There's an amazingly long list of things named after Fermi.

(Portion of a Wikimedia Commons image from the National Archives and Records Administration, NAID 558578.)

One example of a Fermi problem that I described in an earlier article (Estimation, December 21, 2011) is his calculation of the number of piano tuners in Chicago. This estimate involves quantities such as the fraction of households that have pianos (many more at the time of the calculation than today), how often they are tuned, and how long it takes to tune a piano. I would often make similar estimates, such as the population of our county, based on the number of supermarkets.

Another example was Fermi's estimate of the yield from the Trinity nuclear test. This was the first detonation of a nuclear weapon. Years earlier, Edward Teller (1908-2003) had the idea that this detonation might cause a runaway fusion of atmospheric nitrogen; that is, set the atmosphere on fire and destroy life on Earth.[4] Hans Bethe (1906-2005) did a calculation that showed that this was impossible. Fermi, probably to relieve the psychological stress at Trinity, proposed bets on whether this would happen.[4] Fermi's yield test was based on how far pieces of paper were blown by the pressure wave of the blast. His back-of-the-envelope calculation, which in this case may have actually involved a shredded envelope as the source of the bits of paper, gave a value about half the actual value of 22 kilotons of TNT.

Perhaps the most adventuresome of such calculations is the Drake equation that estimates the number of detectable extraterrestrial civilizations in our Milky Way galaxy. This 1961 equation by radio astronomer, Frank Drake (b. 1930), has seven estimated quantities that are multiplied together to give the number of such civilizations. While the logic behind this equation is sensible, the uncertainty in these seven terms is such that the equation leads to a wide range of possible values.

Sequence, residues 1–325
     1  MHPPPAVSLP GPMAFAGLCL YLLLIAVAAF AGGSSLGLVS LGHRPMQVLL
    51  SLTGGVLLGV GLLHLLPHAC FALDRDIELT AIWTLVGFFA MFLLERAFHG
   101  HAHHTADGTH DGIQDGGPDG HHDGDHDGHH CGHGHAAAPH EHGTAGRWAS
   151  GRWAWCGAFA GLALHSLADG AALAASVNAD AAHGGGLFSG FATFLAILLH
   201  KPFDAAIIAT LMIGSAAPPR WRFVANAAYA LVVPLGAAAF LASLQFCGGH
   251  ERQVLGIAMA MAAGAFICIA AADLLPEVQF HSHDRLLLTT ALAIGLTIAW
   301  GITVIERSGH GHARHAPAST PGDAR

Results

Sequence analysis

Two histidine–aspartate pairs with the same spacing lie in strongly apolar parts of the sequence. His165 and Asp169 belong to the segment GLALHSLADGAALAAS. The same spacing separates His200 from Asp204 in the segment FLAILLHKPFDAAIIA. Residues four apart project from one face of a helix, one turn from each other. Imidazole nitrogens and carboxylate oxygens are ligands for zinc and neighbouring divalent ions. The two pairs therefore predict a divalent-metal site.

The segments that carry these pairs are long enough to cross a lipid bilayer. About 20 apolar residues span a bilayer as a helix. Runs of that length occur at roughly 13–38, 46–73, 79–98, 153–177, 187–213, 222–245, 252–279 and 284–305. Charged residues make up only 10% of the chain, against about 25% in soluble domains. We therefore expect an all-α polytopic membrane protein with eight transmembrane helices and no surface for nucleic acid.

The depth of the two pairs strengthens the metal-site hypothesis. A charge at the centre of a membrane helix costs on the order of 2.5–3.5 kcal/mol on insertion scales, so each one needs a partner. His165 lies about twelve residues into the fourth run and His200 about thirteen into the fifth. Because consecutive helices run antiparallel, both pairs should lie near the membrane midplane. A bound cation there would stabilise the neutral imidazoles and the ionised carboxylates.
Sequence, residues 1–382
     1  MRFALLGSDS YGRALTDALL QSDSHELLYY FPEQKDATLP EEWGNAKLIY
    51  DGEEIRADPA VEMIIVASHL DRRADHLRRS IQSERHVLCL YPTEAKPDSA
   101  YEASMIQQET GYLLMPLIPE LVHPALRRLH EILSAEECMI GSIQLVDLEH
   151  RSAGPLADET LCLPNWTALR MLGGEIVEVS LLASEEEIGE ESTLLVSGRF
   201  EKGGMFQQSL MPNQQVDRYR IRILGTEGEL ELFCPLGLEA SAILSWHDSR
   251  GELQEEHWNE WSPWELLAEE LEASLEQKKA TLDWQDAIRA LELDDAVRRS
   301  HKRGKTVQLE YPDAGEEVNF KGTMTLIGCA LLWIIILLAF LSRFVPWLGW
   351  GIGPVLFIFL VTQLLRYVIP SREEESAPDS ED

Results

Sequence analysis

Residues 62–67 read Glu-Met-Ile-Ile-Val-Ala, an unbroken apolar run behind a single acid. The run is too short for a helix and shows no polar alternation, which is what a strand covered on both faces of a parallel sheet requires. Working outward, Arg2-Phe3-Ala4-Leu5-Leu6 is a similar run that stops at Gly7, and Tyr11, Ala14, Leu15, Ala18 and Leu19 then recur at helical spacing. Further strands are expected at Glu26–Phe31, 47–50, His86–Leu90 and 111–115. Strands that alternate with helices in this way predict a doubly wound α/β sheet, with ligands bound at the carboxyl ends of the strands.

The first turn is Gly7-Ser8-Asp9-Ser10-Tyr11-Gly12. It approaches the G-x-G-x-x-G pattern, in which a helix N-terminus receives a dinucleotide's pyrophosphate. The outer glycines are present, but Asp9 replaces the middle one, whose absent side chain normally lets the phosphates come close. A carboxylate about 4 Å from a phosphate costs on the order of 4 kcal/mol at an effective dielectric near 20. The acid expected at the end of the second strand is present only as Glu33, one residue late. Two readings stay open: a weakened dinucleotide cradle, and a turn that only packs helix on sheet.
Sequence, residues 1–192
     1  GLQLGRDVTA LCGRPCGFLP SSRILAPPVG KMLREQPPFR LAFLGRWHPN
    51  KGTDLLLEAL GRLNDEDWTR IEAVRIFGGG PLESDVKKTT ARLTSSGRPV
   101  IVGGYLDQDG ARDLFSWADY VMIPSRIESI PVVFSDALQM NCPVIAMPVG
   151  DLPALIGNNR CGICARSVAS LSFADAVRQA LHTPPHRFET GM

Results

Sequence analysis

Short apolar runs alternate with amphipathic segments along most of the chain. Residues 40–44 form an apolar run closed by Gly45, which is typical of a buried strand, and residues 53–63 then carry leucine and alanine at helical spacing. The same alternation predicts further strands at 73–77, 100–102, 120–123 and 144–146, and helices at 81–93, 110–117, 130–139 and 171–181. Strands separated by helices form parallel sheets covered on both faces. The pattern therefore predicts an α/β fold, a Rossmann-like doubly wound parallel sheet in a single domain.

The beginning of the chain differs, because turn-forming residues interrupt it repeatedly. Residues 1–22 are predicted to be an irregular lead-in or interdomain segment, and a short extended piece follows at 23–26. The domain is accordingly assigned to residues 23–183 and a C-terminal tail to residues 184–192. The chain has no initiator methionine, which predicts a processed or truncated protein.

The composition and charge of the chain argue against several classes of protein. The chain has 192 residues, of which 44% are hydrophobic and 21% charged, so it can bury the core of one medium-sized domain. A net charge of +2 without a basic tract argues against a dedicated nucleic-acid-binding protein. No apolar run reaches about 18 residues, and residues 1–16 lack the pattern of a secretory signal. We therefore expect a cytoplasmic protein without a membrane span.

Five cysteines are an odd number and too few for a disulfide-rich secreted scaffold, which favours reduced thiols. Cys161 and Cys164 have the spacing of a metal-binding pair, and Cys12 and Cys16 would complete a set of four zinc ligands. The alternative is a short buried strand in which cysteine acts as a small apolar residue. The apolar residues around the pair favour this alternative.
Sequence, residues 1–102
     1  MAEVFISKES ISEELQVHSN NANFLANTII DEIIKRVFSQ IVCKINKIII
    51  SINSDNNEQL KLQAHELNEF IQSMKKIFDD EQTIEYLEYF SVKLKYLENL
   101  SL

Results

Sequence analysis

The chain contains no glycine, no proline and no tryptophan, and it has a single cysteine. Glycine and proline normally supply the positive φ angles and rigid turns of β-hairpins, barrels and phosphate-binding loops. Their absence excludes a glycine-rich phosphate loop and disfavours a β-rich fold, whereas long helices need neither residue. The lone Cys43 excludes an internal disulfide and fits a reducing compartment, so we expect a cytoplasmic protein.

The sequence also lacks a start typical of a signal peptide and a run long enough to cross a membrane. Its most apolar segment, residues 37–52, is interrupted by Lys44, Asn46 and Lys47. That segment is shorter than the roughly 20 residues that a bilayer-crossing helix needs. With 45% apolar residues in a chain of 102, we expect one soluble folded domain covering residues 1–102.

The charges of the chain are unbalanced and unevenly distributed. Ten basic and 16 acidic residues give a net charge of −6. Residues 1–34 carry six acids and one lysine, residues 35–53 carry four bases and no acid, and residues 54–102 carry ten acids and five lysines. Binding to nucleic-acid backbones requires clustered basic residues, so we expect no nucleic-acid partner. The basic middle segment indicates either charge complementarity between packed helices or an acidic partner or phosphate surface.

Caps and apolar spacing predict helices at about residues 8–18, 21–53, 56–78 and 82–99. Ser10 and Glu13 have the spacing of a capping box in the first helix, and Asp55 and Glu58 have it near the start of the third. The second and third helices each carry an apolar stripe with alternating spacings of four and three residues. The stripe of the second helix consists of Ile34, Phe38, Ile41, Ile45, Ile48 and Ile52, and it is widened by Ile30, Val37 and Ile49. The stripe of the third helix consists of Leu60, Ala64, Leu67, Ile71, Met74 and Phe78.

Radio astronomer Frank Drake speaking at Cornell University (Ithaca, New York), October 19, 2017.

Drake and Carl Sagan (1934-1996) designed the Pioneer plaque in 1972. This plaque was designed to provide information about Earth and its inhabitants to any extraterrestrials who might discover the spacecraft.

Drake also supervised creation of the Voyager Golden Record, a more elaborate message than the Pioneer plaque.

(Portion of a Wikimedia Commons image by Amalex5.)

A back-of-the-envelope calculation of the number of workers involved in the construction of the Great Pyramid of Giza, was presented by Vaclav Smil in a recent issue of IEEE Spectrum.[5] This pyramid, built in a period of 10-20 years around 2560 BC, was created from 2,500,000 cubic meters (91,000,000 cubic feet) of limestone and granite. Using some basic physics, Smil estimates that the number of workers involved was far fewer than commonly believed.

The only historical account of the number of workers was that of the Greek historian, Herodotus (484- c.425 BC), who wrote about the topic about two millennia after the fact in The Histories.[6] In 1974, physicist, Kurt Mendelssohn, estimated a labor force of 70,000 seasonal workers with perhaps as many as 10,000 permanent masons.[5] Smil's estimate from some first principles thermodynamics yields a much smaller workforce.